Let’s take a look at the former dividend darling to see if it deserves to be in your portfolio today.
A look at the financials
Crescent Point generated Q2 2016 funds from operations of $404 million. That’s 23% lower than the same period last year.
Weak energy prices were the main reason for the slide as Crescent Point received $42.45 per barrel of oil equivalent (boe) in the quarter–down about 25% from Q2 2015.
The numbers could have been much worse, but Crescent Point has done an excellent job of increasing production while reducing its capital expenditures.
The company produced 167,218 barrels of oil equivalent per day (boe/d) in the second quarter compared to 151,636 boe/d last year. For the first six months of 2016, production rose 13%.
Strategic acquisitions in the second half of 2015 helped boost output. Successful drilling also contributed to the gains.
Crescent Point significantly reduced its capital outlays, spending just $80.2 million in Q2 compared to $329 million in the same period last year.
Production guidance for 2016 is 165,000 boe/d, and the company expects to spend $950 million on its development activities.
Liquidity remains strong with $1.4 billion in unused borrowing capacity. Crescent Point finished Q2 with $4 billion in net debt and is comfortably in compliance with all of its debt covenants.
Crescent Point recently added two new strategic land positions to its portfolio, including attractive property in the Flat Lake resource play that has added 300 drilling locations.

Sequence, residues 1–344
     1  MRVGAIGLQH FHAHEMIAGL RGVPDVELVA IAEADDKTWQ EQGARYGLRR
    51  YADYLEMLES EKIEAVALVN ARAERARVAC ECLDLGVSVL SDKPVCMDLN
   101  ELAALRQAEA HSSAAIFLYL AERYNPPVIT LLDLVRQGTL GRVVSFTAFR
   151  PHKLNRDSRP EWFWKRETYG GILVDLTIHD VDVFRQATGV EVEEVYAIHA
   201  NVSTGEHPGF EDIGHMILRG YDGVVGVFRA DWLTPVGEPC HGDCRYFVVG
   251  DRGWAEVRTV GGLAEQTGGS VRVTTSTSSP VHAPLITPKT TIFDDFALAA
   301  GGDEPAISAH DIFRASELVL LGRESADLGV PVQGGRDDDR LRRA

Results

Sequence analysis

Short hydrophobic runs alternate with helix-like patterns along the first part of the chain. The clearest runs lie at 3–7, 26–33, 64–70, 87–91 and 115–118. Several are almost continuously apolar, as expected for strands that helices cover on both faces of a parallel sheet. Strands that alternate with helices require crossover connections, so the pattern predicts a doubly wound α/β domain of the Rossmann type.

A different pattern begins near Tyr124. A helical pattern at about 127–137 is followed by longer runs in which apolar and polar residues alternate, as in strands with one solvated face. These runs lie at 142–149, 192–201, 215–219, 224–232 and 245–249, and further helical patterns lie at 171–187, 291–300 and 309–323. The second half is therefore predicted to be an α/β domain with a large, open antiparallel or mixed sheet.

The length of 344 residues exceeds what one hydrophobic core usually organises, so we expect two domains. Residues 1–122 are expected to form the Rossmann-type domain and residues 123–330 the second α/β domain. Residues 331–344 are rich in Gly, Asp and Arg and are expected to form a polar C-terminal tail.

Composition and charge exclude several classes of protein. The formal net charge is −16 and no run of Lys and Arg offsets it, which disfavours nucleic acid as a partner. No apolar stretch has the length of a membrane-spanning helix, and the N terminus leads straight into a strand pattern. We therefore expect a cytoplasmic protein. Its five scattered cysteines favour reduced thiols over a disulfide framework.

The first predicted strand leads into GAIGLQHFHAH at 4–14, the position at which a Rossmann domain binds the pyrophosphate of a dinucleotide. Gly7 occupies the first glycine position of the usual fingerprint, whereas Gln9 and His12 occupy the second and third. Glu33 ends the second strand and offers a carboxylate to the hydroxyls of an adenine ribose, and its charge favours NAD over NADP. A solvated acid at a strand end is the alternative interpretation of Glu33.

The company has a strong track record of buying properties and boosting the resource base through targeted drilling. Investors should see the trend continue as other distressed assets come up for sale.
Oil has pulled back after its surge to US$50 per barrel in the second quarter. Pundits have mixed opinions as to where prices are headed next, and investors should expect more volatility in the near term.
Rumours of a production-freeze agreement between Saudi Arabia, Russia, and Iran are helping keep WTI oil above US$40 per barrel, but many analysts are skeptical that a deal can be reached.
Should you buy?
If you are a long-term oil bull, Crescent Point deserves to be in your portfolio. The company has a solid balance sheet and owns some of the best properties in the oil patch.
For the moment though, global oil output remains strong, and investors shouldn’t put too much faith in any production-freeze announcements. As a result, I would keep the position small at the current price and look for opportunities to buy on further weakness.
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Fool contributor Andrew Walker has no position in any stocks mentioned.